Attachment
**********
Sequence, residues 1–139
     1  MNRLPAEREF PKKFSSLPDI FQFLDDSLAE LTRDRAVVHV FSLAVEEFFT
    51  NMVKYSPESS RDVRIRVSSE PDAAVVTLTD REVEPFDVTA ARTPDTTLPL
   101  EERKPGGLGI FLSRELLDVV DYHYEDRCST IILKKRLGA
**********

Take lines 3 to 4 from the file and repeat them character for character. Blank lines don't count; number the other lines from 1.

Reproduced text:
    51  NMVKYSPESS RDVRIRVSSE PDAAVVTLTD REVEPFDVTA ARTPDTTLPL
   101  EERKPGGLGI FLSRELLDVV DYHYEDRCST IILKKRLGA